Friday, August 28, 2009

How many outputs in a node, one or more?

That matters.

Tuesday, August 18, 2009

Living Root Bridges

Fascinated in Qt

I just read some about Qt and soon started fascinated in it. Since the main part of Qt is GUI framework the functionalities Qt offers are roughly the same as wx, if there is on in wx, there's an equivalent in qt (roughly, again). What I am interested is its direct use of C++ methods in a simple and flexible way. wx has event objects, multiple 'bind' types and multiple macros to bind events to callbacks. Qt does it in only two macros, signal, slot, and one method QObject::connect(). It is easy to connect a single event to multiple callbacks, multiple events to a single callback, the programmer doesn't have to be aware of thread, It's so flexible that it can be used in many ways. I looked at Qt WebKit API and found Qt has excellently integrated WebKit, which would have been very difficult if there was no signal-slot mechanism flexibility. Since it doesn't restrict the number and types of arguments of the callbacks, it can be well used for callback type network programming.

I think there's one minor drawback. In wx, what and when wx emits an event is usually explicit in the document. In Qt, the user can easily emits an event so it is not as easy as wx (it's a trade-off). It is also explicit for the events Qt itself emits, but the information is scattered in the document. In wx there's little chance to miss an event type and timing being emit once you get used to reading the document. (if not, read through Event handling overview (Don't miss the difference of event propagation mechanism between command events and other) then 'Events' section of Classes by category. See what kind of events there are in wx, then read the 'Event handling' section of the document of specific window you use, such as wxTextCtrl.)

Saturday, August 1, 2009

Not a nice way to interrupt a sub thread

In my application, the main thread in in charge of UI drawing with wxPython and starting worker threads which runs user defined Python code. If a user defined Python code is buggy the application user needs to stop it. There's a way to raise a KeyboardInterrupt exception in the main thread but unfortunately not the opposite. What I needed to do is interrupting a sub thread from the main thread. I don't know why it doesn't exist. Probably it is a well considered decision but what I need is what Python misses. The API provides a function PyThreadState_SetAsyncExc() which takes a thread id and exception object and raises exception in the thread. So I had to make a wrapper extension.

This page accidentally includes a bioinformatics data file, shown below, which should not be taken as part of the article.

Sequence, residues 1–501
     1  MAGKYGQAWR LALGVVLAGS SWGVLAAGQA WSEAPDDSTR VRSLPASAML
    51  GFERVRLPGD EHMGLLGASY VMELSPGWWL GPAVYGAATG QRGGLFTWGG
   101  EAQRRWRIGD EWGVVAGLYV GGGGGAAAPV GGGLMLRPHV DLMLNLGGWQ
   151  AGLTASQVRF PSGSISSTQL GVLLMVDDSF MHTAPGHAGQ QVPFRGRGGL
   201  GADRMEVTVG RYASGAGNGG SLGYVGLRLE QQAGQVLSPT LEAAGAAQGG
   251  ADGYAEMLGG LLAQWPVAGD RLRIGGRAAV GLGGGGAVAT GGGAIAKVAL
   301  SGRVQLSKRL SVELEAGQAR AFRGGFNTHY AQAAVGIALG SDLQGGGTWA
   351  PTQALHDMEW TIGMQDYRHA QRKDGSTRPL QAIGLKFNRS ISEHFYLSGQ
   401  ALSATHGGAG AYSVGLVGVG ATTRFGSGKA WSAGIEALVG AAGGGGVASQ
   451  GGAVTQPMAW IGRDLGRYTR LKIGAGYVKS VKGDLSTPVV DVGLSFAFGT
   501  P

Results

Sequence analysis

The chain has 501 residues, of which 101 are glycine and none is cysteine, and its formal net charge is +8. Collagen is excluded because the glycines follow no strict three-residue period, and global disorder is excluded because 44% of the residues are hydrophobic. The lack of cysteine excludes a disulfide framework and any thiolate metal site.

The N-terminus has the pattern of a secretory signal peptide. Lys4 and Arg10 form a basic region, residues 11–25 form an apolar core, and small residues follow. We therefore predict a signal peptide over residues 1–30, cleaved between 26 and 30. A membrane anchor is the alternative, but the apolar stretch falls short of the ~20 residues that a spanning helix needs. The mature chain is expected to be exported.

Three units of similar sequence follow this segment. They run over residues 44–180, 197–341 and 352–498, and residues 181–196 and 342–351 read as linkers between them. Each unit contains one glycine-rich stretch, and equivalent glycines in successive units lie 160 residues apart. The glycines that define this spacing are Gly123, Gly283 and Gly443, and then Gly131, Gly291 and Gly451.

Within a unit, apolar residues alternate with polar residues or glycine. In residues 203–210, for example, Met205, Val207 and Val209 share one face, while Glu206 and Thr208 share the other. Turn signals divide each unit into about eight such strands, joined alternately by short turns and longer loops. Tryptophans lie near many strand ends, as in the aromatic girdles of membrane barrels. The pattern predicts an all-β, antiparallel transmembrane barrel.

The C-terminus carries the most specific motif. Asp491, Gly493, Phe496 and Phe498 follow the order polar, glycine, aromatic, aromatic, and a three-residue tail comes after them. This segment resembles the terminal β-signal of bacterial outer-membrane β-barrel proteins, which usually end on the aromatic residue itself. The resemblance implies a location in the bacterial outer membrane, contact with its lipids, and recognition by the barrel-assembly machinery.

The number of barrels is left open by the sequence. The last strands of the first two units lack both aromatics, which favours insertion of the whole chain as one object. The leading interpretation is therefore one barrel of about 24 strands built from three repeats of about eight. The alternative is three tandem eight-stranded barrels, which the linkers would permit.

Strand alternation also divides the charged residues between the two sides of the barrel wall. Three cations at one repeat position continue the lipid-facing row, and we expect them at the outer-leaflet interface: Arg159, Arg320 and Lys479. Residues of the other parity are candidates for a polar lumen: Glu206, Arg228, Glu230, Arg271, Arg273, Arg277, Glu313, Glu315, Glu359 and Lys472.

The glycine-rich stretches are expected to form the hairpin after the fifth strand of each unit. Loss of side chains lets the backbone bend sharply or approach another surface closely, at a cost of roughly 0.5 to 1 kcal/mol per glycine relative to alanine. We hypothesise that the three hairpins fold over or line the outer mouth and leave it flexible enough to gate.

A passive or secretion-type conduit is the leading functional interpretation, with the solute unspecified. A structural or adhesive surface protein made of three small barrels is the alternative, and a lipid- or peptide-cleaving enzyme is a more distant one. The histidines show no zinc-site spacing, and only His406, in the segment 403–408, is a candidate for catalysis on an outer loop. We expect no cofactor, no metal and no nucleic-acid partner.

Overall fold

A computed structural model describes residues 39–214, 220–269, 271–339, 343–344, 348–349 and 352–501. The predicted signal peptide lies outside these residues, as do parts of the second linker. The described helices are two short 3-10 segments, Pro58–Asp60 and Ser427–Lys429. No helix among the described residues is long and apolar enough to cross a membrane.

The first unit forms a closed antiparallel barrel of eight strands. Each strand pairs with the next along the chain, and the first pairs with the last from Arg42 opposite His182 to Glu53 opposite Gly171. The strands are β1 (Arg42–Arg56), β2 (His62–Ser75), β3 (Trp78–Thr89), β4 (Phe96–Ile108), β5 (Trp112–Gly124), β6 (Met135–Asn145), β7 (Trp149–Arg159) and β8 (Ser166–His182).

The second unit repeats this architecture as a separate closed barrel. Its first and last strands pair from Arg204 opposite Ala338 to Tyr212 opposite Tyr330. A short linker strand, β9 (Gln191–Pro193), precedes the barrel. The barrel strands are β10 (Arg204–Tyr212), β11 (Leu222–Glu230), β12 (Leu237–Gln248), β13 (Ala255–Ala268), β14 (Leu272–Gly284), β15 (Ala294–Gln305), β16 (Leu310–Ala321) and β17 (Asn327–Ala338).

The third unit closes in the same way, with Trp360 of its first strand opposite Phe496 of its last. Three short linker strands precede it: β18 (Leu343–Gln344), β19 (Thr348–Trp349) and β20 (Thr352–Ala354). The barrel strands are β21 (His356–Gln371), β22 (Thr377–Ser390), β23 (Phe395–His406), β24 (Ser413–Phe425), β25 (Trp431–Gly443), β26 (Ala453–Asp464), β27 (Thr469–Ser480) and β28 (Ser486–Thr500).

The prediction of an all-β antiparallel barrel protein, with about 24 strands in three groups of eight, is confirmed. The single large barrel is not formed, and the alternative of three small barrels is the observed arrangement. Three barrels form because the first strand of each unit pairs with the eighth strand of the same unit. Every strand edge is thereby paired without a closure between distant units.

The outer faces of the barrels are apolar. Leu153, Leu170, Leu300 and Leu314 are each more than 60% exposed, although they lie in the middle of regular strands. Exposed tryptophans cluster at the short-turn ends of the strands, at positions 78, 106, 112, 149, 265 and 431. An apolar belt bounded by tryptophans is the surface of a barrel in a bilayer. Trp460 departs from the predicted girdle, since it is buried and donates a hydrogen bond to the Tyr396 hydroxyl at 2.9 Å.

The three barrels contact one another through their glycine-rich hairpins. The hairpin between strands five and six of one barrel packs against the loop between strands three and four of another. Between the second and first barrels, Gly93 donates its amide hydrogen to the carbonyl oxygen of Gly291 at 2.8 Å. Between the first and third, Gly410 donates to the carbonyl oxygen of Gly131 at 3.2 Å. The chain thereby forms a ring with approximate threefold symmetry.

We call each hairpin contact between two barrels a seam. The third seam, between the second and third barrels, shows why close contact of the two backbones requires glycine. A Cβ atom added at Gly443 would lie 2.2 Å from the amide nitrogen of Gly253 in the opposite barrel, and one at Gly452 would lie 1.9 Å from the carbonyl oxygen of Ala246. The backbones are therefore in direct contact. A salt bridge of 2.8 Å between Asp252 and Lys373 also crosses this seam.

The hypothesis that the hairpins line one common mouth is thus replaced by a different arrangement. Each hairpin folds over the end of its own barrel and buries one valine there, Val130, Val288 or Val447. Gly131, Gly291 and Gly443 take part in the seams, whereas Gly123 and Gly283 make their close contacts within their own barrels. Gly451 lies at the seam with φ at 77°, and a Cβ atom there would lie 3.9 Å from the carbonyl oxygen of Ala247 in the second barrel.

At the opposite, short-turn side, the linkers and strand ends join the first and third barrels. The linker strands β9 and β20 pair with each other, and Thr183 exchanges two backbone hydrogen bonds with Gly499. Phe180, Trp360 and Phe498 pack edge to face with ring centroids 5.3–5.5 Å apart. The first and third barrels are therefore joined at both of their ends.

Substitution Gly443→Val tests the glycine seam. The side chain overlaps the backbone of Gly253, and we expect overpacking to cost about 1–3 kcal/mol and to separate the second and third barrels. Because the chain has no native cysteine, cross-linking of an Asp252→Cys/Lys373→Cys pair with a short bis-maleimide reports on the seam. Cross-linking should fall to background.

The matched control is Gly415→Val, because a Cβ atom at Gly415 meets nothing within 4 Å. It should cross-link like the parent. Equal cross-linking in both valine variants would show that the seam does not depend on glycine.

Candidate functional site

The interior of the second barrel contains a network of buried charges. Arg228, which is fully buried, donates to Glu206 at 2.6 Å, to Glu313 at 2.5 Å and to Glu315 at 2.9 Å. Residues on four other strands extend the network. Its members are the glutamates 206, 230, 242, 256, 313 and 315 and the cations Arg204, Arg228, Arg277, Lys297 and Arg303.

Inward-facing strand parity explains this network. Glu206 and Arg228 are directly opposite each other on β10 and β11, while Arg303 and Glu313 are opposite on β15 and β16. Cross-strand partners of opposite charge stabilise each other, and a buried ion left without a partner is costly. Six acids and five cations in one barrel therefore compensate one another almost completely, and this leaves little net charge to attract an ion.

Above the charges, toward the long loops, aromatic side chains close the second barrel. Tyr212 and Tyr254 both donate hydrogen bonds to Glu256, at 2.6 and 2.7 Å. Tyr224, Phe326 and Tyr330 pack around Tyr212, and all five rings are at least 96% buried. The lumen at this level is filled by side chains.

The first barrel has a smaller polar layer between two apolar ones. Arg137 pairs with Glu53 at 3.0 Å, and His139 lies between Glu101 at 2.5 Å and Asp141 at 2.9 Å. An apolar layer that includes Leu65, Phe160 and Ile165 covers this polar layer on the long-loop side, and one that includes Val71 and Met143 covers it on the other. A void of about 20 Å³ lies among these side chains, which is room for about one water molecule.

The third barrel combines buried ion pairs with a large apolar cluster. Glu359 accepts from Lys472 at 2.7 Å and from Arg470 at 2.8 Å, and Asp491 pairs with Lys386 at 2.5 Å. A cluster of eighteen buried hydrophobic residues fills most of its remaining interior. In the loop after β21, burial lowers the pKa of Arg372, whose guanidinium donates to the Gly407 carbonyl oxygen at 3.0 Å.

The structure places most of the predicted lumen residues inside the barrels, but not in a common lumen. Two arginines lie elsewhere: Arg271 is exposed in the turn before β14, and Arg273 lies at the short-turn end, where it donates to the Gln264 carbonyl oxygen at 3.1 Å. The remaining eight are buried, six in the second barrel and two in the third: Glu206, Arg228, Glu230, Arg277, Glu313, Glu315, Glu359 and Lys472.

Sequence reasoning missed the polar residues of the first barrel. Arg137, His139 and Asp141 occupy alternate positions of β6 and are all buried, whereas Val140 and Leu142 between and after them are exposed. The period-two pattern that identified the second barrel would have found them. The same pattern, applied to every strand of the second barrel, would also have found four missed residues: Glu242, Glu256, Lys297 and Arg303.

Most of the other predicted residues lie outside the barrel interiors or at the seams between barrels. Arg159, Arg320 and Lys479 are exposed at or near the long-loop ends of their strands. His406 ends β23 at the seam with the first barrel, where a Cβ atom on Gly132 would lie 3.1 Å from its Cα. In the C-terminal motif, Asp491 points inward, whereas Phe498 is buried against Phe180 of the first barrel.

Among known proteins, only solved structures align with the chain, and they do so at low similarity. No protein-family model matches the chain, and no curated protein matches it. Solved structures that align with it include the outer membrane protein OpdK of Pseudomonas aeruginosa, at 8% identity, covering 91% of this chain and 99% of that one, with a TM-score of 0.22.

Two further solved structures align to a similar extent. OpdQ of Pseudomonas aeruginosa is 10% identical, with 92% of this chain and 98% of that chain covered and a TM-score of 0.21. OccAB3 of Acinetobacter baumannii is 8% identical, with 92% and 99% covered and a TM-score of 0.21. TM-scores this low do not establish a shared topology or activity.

#include <Python.h>

static PyObject* interrupt(PyObject* self, PyObject* args)
    long threadid;
    PyObject* po_exception;
    if(! PyArg_ParseTuple(args, "lO", &threadid, &po_exception))
        return NULL;

    int result = PyThreadState_SetAsyncExc(threadid, po_exception);
    return Py_BuildValue("l", result);

static PyMethodDef MethodsDefs[] = {
    {"interrupt", interrupt, METH_VARARGS},
    {NULL, NULL, 0},

void initpystit(void){
    (void) Py_InitModule("pystit", MethodsDefs);
from distutils.core import setup, Extension

module1 = Extension('pystit',
                    sources = ['pySubthreadInterruptTest.c'])

setup (name = 'PackageName',
       version = '1.0',
       description = 'This is a demo package',
       ext_modules = [module1])
import time, thread
import pystit
def f():
    print 'thread start'
            for i in range(1000):
                    print i
            print 'interrupted'
    print 'thread end'
tid = thread.start_new_thread(f, ())
pystit.interrupt(tid, ValueError)

$ python build
running build
running build_ext
building 'pystit' extension
gcc -pthread -shared build/temp.linux-i686-2.6/pySubthreadInterruptTest.o -L/usr/lib -lpython2.6 -o build/lib.linux-i686-2.6/
$ cd build/lib.linux-i686-2.6/
$ ls
$ python
thread start
Unhandled exception in thread started by <function f at 0xb8043e64>
Traceback (most recent call last):
  File "", line 8, in f

It works but I can't say I'm quite satisfied with the solution.